I posted this on the HRA blog on Friday, but the general release is out so I'm now posting it here:
The following is excerpted from a press release from Harlequin Books.
National Center for Family Literacy to receive up to 100,000 books with estimated valued of $700,000
Toronto, (February 11, 2008)—eHarlequin.com (www.eHarlequin.com), the online site for Harlequin Enterprises Limited, is challenging its community members to read an astounding 100,000 books in one year in the 2008 eHarlequin.com 100,000 Book Challenge. When the reading challenge ends on December 31, 2008, Harlequin will make an unprecedented donation of an equivalent number of books to the National Center for Family Literacy (NCFL). The estimated retail value of a 100,000 book donation to the NCFL by Harlequin Enterprises Ltd. is $700,000 U.S.
In addition to promoting literacy, the 2008 eHarlequin.com 100,000 Book Challenge encourages readers to discuss the titles they have read on the eHarlequin.com website in their own blogs. Those participating in the challenge share their thoughts, reviews, opinions, recommendations and progress. Another remarkable and unforeseen aspect to the challenge is that many people who were not bloggers—or who even knew what a blog was—are now passionate blog hosts and are spearheading online discussions in the forums.
“Our readers are very passionate,” says Jayne Hoogenberk, community manager for eHarlequin.com. “They read, talk, think and dream about books 24 hours a day, seven days a week, 52 weeks a year. The median number of paperbacks read in one year by Americans is 12. The median for Harlequin readers is 30. Since we’re always looking for ways to inspire and challenge our community members, we wondered if, as a group, they would be able to read 100,000 books in a single calendar year and through our donation of 100,000 books, share that love of reading with others who don’t have such easy access to entertaining and engaging literature for women.”
“The response of the past two years was so overwhelmingly positive that we had to keep going,” states Hoogenberk. “We also knew that we had to up the ante. And so the 2008 eHarlequin.com 100,000 Book Challenge for literacy was born. Last year we capped the number of participants and still easily surpassed our target. Since the event has generated such positive feedback, and in order to reach our goal of 100,000 books read, we’ve decided to leave registration open-ended this year.”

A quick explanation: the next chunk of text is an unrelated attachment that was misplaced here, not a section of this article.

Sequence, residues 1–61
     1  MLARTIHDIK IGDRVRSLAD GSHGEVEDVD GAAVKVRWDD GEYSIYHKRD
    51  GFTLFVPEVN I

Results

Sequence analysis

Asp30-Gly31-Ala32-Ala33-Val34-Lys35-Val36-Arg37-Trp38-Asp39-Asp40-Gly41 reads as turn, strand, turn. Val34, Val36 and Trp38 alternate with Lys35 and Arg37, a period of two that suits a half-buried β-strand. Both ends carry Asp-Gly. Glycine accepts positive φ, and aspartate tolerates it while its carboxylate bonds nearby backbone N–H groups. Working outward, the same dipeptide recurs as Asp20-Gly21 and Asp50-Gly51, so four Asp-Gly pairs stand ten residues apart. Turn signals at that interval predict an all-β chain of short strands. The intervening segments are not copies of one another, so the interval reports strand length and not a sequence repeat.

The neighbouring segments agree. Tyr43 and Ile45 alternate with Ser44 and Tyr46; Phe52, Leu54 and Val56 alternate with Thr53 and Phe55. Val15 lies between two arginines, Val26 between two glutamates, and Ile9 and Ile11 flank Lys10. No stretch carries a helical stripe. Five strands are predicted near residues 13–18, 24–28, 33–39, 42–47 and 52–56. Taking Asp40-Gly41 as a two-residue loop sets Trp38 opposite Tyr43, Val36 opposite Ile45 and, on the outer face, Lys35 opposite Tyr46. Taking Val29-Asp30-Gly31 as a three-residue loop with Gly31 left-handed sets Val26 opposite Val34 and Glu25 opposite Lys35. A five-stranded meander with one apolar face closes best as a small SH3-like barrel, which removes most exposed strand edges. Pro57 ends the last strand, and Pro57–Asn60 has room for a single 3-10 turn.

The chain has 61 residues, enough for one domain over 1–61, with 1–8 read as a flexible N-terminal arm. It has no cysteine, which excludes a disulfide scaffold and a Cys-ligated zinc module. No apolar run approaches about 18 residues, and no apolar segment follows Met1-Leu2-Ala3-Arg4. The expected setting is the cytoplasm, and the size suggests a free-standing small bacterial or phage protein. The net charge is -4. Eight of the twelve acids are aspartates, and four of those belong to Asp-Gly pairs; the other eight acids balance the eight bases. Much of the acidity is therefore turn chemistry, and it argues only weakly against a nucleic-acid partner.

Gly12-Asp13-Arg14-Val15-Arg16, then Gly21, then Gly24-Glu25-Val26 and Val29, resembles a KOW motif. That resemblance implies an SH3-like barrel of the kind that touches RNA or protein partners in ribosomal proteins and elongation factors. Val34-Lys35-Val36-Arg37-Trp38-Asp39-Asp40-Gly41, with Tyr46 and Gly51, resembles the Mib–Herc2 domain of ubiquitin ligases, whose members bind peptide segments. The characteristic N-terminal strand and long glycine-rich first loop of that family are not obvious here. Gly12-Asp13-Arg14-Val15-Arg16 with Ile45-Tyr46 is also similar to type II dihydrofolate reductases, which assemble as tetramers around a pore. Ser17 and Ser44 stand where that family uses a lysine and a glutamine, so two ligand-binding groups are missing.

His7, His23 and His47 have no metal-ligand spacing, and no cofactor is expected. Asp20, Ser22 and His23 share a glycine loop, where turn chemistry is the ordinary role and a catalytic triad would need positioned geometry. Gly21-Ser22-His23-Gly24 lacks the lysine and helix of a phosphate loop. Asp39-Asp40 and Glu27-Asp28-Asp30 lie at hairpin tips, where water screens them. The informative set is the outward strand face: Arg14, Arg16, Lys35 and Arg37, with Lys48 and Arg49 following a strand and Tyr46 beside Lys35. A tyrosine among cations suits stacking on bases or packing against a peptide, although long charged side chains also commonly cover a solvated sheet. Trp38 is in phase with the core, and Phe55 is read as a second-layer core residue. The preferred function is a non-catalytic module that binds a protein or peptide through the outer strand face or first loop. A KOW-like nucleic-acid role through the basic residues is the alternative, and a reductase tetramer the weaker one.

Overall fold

There are no hard and fast rules other than participants being asked to have at least 50% of their list be novels published by Harlequin. This allows readers to discover the outstanding breadth of editorial Harlequin has to offer. The other 50% of books can be any genre by any publisher. Likewise, all formats—print, eBooks, audiobooks, etc.—are acceptable, and readers are encouraged to seek them out and give them a try.
The range and diversity of Harlequin readers is not confined solely to the type of books they read or the medium in which they enjoy them. The online nature of the eHarlequin.com community illustrates the significant power of books to unite readers in a global way. Geographic boundaries have become meaningless in this venture as the challenge brings together readers from countries as varied as Germany, France and the Philippines, as well as Harlequin editors in Toronto, New York and London and Harlequin authors from around the world.
This is such a great cause! Just think...by YOU reading you can help someone else have access to books and LITERACY.
Several of the Harlequin Romance Authors have a team in the challenge, including Jennie Adams, Donna Alward, Claire Baxter, Ally Blake, Fiona Harper and Nicola Marsh.Come and join the fun, and hey, grab a Romance while you're at it!